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Qantas takeover in the wings?
12 June 2012 | 16:00 | Source: Ricardo Goncalves, SBS
It's final offer of $5.60 per share, was backed by the company's board, but shareholders rejected the move.
Today, shares in the airline are worth less than one fifth of APA’s offer price.
But there's talk once again, that vultures could be circling the flying kangaroo.
It's easy to forget that APA's bid, initially launched in 2006, almost went through.
The final bid achieved 46.5 per cent approval, just shy of the 50 per cent acceptance level needed.
Only hours after the offer closed, APA received an additional 4.96 per cent acceptance from a hedge fund.
If it came in a touch earlier, the minimum approval threshold would have been reached, and the bid would have succeeded.
A lot has happened since then. The company's board has changed, there's a new CEO and its low-cost Jetstar brand has emerged as the standout as it expands throughout Asia.
The global financial crisis along with soaring jet fuel prices have forced the company to issue numerous profit warnings.
It has also suffered at the hands of warring unions which culminated in an unprecedented grounding of its entire fleet late last year.
Only a few weeks ago, the company drew up plans to split it up into three, separating its international, domestic and Jetstar businesses, but all under the Qantas Group umbrella.
But that didn’t stop the company from issuing another profit warning last week. It's forecasting a full pre-tax underlying profit of as low as $50million, well below analyst expectations of $300million.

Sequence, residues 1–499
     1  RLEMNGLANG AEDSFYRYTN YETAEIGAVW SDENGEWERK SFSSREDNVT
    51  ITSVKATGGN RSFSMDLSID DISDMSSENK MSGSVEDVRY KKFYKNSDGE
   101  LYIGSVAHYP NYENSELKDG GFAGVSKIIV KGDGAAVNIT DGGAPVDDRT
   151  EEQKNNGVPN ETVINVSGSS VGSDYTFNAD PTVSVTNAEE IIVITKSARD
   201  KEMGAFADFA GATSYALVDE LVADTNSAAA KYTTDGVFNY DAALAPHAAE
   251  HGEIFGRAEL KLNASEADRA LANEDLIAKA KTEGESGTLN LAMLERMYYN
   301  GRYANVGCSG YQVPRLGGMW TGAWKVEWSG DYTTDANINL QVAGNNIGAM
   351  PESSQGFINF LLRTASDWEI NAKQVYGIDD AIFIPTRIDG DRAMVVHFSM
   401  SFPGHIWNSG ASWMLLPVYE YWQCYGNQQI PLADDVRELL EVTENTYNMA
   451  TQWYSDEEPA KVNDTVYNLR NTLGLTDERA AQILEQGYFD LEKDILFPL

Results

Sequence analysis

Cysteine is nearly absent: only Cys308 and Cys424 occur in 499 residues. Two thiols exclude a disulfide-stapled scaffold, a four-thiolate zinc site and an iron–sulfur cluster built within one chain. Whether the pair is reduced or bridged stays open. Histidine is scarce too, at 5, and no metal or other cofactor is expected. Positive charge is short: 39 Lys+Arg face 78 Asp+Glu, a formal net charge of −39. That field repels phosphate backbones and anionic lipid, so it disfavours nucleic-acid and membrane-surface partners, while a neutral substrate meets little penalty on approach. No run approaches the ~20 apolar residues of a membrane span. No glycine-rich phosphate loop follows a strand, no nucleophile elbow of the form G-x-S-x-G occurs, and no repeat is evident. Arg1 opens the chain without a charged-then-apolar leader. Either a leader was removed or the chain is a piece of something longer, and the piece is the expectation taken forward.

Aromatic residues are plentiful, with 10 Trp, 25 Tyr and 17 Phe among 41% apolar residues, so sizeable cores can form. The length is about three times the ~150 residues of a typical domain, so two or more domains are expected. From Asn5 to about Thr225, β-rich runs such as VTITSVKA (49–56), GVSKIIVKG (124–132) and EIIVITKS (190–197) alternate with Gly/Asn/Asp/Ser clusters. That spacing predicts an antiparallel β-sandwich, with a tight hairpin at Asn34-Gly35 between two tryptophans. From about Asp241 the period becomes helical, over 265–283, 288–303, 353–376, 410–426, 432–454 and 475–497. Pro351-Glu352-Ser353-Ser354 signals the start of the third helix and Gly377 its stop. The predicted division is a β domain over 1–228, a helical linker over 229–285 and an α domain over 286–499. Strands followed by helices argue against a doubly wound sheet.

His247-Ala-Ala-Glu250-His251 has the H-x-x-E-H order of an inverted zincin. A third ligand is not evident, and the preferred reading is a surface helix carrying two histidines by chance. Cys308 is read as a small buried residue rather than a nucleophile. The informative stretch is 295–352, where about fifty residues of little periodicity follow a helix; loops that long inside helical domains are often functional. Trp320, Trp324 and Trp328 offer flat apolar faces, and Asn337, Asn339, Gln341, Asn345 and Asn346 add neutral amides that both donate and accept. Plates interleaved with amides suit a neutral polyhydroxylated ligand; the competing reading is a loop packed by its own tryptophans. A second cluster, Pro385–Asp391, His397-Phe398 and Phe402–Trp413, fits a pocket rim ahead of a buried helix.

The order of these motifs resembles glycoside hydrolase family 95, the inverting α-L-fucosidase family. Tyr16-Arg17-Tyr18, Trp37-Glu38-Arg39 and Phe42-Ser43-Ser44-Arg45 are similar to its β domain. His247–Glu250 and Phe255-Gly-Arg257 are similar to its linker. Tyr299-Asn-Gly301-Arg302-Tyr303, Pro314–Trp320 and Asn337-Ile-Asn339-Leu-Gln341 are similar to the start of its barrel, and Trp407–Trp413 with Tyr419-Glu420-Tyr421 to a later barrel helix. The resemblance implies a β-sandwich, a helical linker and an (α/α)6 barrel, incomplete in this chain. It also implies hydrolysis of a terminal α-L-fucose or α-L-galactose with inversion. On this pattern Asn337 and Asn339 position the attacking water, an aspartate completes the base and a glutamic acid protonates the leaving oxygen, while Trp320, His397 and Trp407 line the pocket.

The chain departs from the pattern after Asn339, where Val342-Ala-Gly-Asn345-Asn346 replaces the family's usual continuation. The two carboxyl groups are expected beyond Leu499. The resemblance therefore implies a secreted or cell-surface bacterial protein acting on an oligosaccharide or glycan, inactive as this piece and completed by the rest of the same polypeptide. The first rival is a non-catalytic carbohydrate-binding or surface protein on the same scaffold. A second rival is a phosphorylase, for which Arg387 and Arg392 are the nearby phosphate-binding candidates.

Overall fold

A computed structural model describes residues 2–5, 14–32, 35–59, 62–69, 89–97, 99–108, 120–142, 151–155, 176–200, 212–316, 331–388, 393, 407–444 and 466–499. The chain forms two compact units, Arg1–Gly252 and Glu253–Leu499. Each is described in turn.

That's prompted concerns that the airline may be set to embark on a capital raising or delay the purchase of new aircraft.
Even worse, investors reacted by swiping $1billion from the company's value, sending its shares to a record low.
At that level, it may spark the interest of private equity players, who prey on troubled assets, buying in with a view to turn the company around and make a tidy profit by selling up a few years later.
It's for that very reason Qantas today, confirmed that it has hired Macquarie Group to advise it in case it receives a hostile takeover bid along with Citigroup to monitor its share register.
An outright takeover of the airline is unlikely because of foreign ownership restrictions, but there's nothing stopping a combined international and local group of private investors, similar to APA, to make a play.
It comes as consolidation in the sector continues.
Only recently, Etihad bought a 4 per cent stake in Virgin Australia, with an aim of boost that share to 10 per cent.
Qantas though, maintains it is unaware of any takeover bids in the wings, but the company’s recent moves to split its divisions along with today’s takeover defence strategy almost smells like it is inviting offers, or at the very least, partnerships.